No, Energy Drinks Don’t Cause ADHD

You may have seen some headlines recently making bold claims about the link between energy drinks and ADHD. As is often the case with scientific reporting, the actual research is more nuanced than the headlines suggest.

Let’s take a moment to address these claims and discuss some limitations in the underlying research on which they’re based.

If you haven’t already, I encourage you to read the original article here. It’s a very good cross-sectional study examining sugary drink consumption and behavior, controlling for socioeconomics, gender, race, and household makeup.

It’s important to note that the attention/hyperactivity data collected consisted of a simple self-report questionnaire (from the paper):

1) You are restless, you cannot stay still for long;

2) You are constantly fidgeting or squirming;

3) You are easily distracted and you find it difficult to concentrate;

4) You finish the work you are doing; your attention is good; and

5) You think before you do things.

For each item, respondents select an answer: not true, somewhat true, or certainly true. These were scored as 0, 1, and 2, respectively for the first 3 items and reverse coded for the last 2 items, so that higher scores reflect worsening symptoms. Scores between 0 and 5 were considered in the normal range, 6 was considered borderline, and scores between 7 and 10 were considered abnormal. Borderline and abnormal categories were combined into an at-risk category.

In addition to the questionnaire, participants were asked to list the amount and type of sugary drinks (flavored milk, sports drinks, soda, energy drinks, etc.) they consumed the previous day. The study concluded that children consuming energy drinks were 66% more likely to exhibit “at-risk” behaviors (score of 6 or higher on the above test).

While certainly interesting, does this really mean that energy drinks are causing ADHD symptoms? Not really.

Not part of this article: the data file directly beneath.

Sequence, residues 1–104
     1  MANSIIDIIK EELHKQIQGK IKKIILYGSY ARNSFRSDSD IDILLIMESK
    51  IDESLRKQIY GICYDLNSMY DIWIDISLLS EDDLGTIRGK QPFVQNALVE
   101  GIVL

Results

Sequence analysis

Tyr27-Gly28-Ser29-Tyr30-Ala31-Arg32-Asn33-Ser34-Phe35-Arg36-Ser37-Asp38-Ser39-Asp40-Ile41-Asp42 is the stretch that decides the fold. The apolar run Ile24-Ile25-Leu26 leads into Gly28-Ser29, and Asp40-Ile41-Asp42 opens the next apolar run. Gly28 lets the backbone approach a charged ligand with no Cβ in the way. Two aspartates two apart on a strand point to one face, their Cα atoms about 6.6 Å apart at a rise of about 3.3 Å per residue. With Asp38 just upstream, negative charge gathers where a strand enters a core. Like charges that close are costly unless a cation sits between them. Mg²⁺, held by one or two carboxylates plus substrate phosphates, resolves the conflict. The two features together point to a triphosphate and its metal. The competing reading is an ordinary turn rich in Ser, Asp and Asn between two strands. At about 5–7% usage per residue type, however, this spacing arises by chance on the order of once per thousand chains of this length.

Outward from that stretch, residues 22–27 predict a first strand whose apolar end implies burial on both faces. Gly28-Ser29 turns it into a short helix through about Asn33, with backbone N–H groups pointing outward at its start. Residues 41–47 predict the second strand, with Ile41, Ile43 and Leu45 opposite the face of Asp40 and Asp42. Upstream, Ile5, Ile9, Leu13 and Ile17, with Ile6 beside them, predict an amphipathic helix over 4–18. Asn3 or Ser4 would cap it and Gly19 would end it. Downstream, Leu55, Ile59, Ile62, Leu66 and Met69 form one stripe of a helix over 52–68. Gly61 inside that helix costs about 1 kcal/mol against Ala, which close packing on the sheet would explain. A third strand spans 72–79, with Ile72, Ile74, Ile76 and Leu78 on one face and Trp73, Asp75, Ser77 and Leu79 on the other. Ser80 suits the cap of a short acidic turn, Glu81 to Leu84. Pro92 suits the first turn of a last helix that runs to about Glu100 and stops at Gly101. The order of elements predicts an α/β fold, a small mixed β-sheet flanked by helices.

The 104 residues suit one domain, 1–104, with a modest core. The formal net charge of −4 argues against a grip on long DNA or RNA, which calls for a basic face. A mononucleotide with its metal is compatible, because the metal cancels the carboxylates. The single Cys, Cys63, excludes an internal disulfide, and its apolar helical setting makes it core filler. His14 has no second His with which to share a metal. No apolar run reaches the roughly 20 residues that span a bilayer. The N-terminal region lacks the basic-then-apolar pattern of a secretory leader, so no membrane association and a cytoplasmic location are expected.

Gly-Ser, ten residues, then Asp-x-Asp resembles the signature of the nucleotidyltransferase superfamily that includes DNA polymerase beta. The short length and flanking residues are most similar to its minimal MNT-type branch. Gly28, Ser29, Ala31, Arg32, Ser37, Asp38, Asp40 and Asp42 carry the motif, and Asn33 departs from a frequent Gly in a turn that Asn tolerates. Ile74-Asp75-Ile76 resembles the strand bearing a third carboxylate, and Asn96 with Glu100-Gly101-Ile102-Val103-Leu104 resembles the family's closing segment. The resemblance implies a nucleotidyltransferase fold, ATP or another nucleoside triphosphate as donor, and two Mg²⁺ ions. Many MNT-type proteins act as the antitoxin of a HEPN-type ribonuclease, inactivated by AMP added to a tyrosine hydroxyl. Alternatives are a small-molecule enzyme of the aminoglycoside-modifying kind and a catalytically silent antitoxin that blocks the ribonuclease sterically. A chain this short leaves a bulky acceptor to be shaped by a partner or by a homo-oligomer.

First, understand that the only thing that separates energy drinks from other sugary beverages is the exceptionally high caffeine content, which may have a disproportionate effect on children due to their smaller size. And according to the FDA, side effects of caffeine include:

  • Making you jittery and shaky
  • Making it hard to fall asleep, stay asleep, or get a good night’s sleep
  • Making your heart beat faster
  • Causing an uneven heart rhythm
  • Raising your blood pressure
  • Causing headaches, nervousness, and/or dizziness

Now let’s take another look at the questionnaire given to children:

1) You are restless, you cannot stay still for long;

2) You are constantly fidgeting or squirming;

3) You are easily distracted and you find it difficult to concentrate;

4) You finish the work you are doing; your attention is good; and

5) You think before you do things.

Answering “True” (for the first 3) or “Not True” (for the last 2) to just 3 of these would put you in the “At-risk” category in the study.

So no, energy drinks don’t cause ADHD. Rather,  kids drinking energy drinks simply exhibit natural and expected reactions to the high caffeine content.

By no means does that mean energy drinks are necessarily safe or healthy for children to consume. Many of these products contain extremely high sugar levels and potentially unsafe levels of caffeine for younger children.

But it’s important for us to not get carried away and blame energy drinks for ADHD behavior. ADHD is a complex set of struggles relating to inattention, hyperactivity, and impulsivity and (unfortunately) can’t be explained away with an easy scapegoat like Red Bull.

Instead of playing the blame game, we should focus our energy on interventions to help children and adults address their attention difficulties, regardless of their cause.